Dolores R. Salomon, Appellant, v. Transamerica Occidental Life Insurance Company; Minnesotamining and Manufacturing Company, Appellees, 801 F.2d 659 (4th Cir. 1986)Annotate this Case
Argued March 7, 1986. Decided Sept. 18, 1986
David Rosenblum (Rosenblum and Rosenblum, Alexandria, Va., on brief), for appellant.
Stephen M. Colangelo (Fred C. Alexander, Jr., Boothe, Prichard & Dudley, McLean, Va., on brief), for appellees.
Before PHILLIPS, SPROUSE and WILKINSON, Circuit Judges.
WILKINSON, Circuit Judge:
Dolores Salomon seeks to recover benefits under a Family Monthly Income Benefit Plan underwritten by Transamerica Occidental Life Insurance Company, and offered by Minnesota Mining and Manufacturing Company ("3M") to its employees. In her suit against Transamerica and 3M, Salomon relies on the common law claims of breach of contract and estoppel, and on two Virginia insurance statutes, Va. Code Sec. 38.1-52.7 (prohibiting unfair discrimination) and Sec. 38.1-32.1 (providing for attorney fees). The district court held that these state claims were preempted under the Employee Retirement Income Security Act ("ERISA"), 29 U.S.C. § 1001 et seq., granted defendants' motion to dismiss, and granted plaintiff leave to file an amended complaint under ERISA.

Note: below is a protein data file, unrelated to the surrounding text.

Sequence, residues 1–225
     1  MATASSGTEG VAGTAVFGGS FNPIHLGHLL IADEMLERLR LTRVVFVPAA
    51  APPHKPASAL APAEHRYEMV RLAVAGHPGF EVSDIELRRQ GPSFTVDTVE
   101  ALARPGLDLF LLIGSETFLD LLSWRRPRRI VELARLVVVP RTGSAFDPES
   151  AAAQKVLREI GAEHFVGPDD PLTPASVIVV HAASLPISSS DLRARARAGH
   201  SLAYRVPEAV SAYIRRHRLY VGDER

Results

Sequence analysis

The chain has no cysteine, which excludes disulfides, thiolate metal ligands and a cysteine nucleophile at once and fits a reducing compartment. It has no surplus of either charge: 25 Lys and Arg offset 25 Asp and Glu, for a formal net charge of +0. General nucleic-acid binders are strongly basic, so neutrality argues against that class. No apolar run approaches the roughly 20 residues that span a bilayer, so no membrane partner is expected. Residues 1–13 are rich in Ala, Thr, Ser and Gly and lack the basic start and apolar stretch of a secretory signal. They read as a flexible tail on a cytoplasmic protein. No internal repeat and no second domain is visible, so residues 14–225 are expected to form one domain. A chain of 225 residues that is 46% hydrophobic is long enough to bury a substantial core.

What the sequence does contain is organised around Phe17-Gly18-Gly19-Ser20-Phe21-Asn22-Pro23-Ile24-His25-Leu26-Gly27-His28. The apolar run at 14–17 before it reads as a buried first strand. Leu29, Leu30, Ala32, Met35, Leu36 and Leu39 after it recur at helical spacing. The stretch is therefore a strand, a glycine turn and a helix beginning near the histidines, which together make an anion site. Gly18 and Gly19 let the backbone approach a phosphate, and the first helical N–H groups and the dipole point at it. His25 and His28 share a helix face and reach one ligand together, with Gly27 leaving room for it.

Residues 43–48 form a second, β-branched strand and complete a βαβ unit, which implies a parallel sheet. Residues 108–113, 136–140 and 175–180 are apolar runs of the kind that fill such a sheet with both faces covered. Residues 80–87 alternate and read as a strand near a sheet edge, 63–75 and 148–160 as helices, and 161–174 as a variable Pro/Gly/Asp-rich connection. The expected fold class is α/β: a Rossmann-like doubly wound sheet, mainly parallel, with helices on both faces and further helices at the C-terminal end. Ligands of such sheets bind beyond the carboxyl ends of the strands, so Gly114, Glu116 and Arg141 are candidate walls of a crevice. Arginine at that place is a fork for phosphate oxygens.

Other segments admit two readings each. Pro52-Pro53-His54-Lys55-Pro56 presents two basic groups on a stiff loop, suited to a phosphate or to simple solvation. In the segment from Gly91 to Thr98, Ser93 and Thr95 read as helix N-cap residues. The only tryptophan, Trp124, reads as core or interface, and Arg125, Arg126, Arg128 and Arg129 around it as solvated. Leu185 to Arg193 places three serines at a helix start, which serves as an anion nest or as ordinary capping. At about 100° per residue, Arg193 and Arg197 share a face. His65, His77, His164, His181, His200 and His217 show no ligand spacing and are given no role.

We affirm the decision below. ERISA preempts the breach of contract and estoppel claims, and there is no private cause of action for the alleged violations of the Virginia insurance statute. Plaintiff's ERISA remedies are exclusive, and she must proceed under that statute.
Gerald Klemm, now deceased, was Salomon's fiancé from 1978 until he died in June of 1982. Klemm worked for 3M, which offered a variety of retirement and insurance plans to its employees. Klemm named Salomon as beneficiary in all of these plans. In December, 1981, Klemm enrolled in the Family Monthly Income Benefit (FMIB) plan, which pays twenty-five percent of the deceased employee's annual earnings to his or her spouse or children. Klemm designated "Dolores Salomon, fiancé" as his beneficiary under the FMIB plan, and after Klemm's death, Salomon made a claim for benefits. Transamerica denied Salomon's claim, saying she did not qualify as a recipient of benefits under the terms of the policy. Salomon thereupon brought this action against Transamerica and 3M.